I have some good news! If we could fix, rescue, save ourselves, we would not need a Savior, a Deliverer, an Advocate, a Rescuer, a Redeemer, a Great Physician, a Comforter.

If we could live up to all that is right and have good health, with plenty of money to spend, we would probably be so high-minded and so full of our own self-righteousness, with our homes full of material worthless possessions. We would not hear the cries of the broken, let alone be aware of them or understand them.

It is when we are broken and humbled, brought low and become weak, finally hearing and seeing, and hoping that someone will hear and see us, it is in this state real Love steps in.

God knew we needed Him. Before we asked, He had the answer. Before we looked, He was standing before us. Before we knocked, He was in our midst. Before we died, He died for us so we could live. Before we went to hell, He descended into hell, broke the gates, and set the hostages free, breaking the chains, and overcame the demons.

As a Christian you may know all this in your head, but getting it to sink deep down into our hearts is another matter. Just by being honest with God, knowing we can’t change ourselves, is the first step. This is where God’s mercy and grace comes in to transform our lives. This is what Easter is all about.

Perhaps Easter is not a big celebration because we are still focusing on pain, sin, suffering, death and all of our dreams and hopes have been buried at the bottom of the sea or in a mile high mud slide. We are stuck on “Good Friday & Great Saturday” and we can’t see anything “good or great” about it. Except we can’t just stop there.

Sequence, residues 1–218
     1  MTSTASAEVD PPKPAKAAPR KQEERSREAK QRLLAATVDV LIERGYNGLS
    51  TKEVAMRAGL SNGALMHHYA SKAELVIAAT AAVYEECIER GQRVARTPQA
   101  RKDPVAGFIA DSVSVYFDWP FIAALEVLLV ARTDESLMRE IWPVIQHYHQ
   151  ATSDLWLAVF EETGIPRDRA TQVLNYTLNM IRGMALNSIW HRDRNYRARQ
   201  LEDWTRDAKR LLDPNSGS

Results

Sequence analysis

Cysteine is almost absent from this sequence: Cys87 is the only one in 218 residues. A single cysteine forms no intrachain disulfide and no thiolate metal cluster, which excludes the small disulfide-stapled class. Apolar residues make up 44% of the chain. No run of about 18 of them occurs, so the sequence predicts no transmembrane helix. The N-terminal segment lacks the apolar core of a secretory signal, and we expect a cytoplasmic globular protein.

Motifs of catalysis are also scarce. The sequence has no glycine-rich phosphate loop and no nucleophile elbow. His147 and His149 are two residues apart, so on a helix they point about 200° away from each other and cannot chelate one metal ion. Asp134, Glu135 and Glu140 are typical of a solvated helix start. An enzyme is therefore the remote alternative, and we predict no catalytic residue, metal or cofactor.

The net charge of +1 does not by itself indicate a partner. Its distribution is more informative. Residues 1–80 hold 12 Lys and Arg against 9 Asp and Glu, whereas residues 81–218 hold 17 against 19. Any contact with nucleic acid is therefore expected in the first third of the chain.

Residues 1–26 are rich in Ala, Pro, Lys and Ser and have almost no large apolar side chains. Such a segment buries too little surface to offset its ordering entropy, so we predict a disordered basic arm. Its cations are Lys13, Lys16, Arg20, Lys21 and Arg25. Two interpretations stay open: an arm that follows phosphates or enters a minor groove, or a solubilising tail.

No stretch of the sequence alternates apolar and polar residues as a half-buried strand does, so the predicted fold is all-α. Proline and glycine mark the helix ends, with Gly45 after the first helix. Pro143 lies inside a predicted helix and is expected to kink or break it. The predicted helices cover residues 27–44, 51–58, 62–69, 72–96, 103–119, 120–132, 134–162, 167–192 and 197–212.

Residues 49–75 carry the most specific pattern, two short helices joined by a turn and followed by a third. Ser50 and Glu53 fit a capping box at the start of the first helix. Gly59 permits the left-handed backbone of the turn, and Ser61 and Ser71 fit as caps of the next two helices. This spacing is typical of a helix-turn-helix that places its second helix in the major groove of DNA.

Yes, there is a time to deal with our sins and failures, life’s disappointments and tragedies. We need to remember the “Via Delarosa” the road to Christ’s crucifixion; how Jesus carried the load if humanity’s sins, failures and tragedies to calvary and then was nailed with all of this to the Cross.

We need to remember how the Lamb of God loved us, was slain for us and died for us, even while we were still at war with God and still God’s enemy.

We need to be reminded no matter how perfect or good we might think we are, even then we are filthy rags compared to the perfection and holiness of God. We are never going to measure up, will always fall short. We are set in our own selfish ways, no matter how close we get to God, we will still tend to be selfish and self-willed.

This is why we need God. This is why Jesus died. We need a Savior.

But then… God was not content to leave us at the cross. God was not done with being buried. God, Himself triumphed over death. He has conquered hell and the grave. “Oh death where is your sting? Oh grave where is your victory?”